Web3 Explained

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First, there was Web1, the precursor of the World Wide Web (WWW). Then Web2 was born, the user-generated web whose presence was announced by social media. Now people are talking about Web3, the purportedly next big thing for the web.

What is Web3?

Web3 is the evolution of web protocols using decentralization and blockchain technologies. Unlike web2 where data is controlled by the government and corporations, decentralization eliminates this control. Web3 is somehow connected to the concept of the metaverse.

Features of a Decentralized Web

Currently, all of the infrastructures that hold the most popular website belong to corporations and are regulated by governments. The emergence of blockchain technology introduced a new method of storing and accessing data online. It is built on two concepts – encryption and distributed computing.

Encryption refers to a security methodology that maintains data integrity through cryptography – only those with decryption keys can access the encrypted data.

Distributed computing is a concept used in networking to share files across many computers or servers. If one copy does not match other copies the file is invalid. The concept of distributed computing adds an extra security layer to decentralized computing by ensuring that only the person with control of the data can access or change it.

Not only does distributed computing enforce data security, but it also maintains data availability. Even if a file is deleted from a server or a computer, the file will remain available across other computers and servers. This is a major advantage of distributed systems over centralized ones.

Additional features that define the technical structure of web3 are open access since technology is majorly built on open-source software, trustless and permissionless.

Trustless describes the ability of two parties to perform transactions without the need of a trusted third party. This concept is not the case in web2 since the medium of transaction is controlled by a third party.

Let’s look at a common example of a trustless transaction. One can send bitcoin directly to another party without the need for a wallet or an online exchange. Such a transaction uses blockchain algorithms and encryption technologies and does not need a third party.

Permissionless means that neither of the parties has to seek permission from a third party before completing the transaction. Pretty cool, right?

Web3 concepts - the DAO

The Decentralized Autonomous Organization (DAO) refers to a group of organizations that are bound by rules and regulations coded into a blockchain. For instance, in a DAO-based retailer, the price of all products is held on the blockchain. Stockholders in the shop vote on prices changes and payouts. In a DAO, you need permission to change the rules. And no one owns the physical infrastructure like servers. Essentially, DAO eliminates the middlemen needed to run an enterprise.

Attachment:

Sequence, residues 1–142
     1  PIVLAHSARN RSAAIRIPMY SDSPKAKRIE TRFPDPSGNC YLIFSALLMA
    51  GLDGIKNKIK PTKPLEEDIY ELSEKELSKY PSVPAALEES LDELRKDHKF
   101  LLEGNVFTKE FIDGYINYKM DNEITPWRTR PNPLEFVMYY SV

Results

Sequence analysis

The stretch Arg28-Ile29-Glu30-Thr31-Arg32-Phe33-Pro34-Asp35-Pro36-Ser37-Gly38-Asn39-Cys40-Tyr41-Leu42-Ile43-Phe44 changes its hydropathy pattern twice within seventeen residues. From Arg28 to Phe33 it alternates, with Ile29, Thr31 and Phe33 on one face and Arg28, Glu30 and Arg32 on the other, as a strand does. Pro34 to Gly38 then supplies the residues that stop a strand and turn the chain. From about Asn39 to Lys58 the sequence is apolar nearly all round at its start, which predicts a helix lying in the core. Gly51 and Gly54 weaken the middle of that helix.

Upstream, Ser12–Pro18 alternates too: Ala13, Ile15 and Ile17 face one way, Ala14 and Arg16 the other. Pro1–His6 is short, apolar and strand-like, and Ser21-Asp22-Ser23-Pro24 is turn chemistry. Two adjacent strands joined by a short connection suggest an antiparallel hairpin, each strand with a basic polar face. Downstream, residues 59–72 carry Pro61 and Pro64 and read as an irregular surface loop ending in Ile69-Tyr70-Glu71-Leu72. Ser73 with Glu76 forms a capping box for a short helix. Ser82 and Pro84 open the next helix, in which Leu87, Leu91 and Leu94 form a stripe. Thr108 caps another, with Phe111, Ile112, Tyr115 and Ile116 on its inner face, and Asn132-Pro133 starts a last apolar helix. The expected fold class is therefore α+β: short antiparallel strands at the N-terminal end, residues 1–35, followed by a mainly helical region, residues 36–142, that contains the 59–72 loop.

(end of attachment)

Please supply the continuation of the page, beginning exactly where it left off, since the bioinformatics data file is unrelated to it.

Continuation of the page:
Artificial Intelligence (AI) and Web3

Many industry leaders and internet pioneers believe AI is critical in web3 – mostly because of intense machine-to-machine communication and data analysis needed to run many web3 applications.

Web3 seems great, right?

Not really. Web3 has received huge criticism from tech leaders like Elon Musk and Jack Dorsey. Elon musk said web3 is just a marketing buzzword than a reality right now. He also tweeted, “Has anyone seen web3? I can’t find it.”

Jack Dorsey questioned whether web3 will be free and open. The Former Twitter CEO said, “You don’t own web3. The VCs and their LPs do. It will never escape their incentives. It’s ultimately a centralized entity with a different label.”

Another reason for criticism is that technologies built on blockchain can be quite energy-intensive. Ergo, contributing to global warming and climate change. Moreover, avoiding government interference is apparently anarchistic to some critics. They fear that lack of oversight may lead to safety issues.

Examples of web3 applications

Bitcoin: The oldest cryptocurrency runs on decentralized infrastructure. It has inspired several cryptocurrencies and blockchain platforms.

Diaspora: A not-for-profit decentralized social network.

Seemit: Blogging and social platform based on blockchain.

Augur: Decentralized exchange trading market.

OpenSea: NFT platform for buying and selling NFTs that run on the Ethereum blockchain.

Sapien: A decentralized social network based on the Ethereum blockchain.

Uniswap: Decentralized cryptocurrency exchange.

Everledger: Blockchain-based supply chain system  

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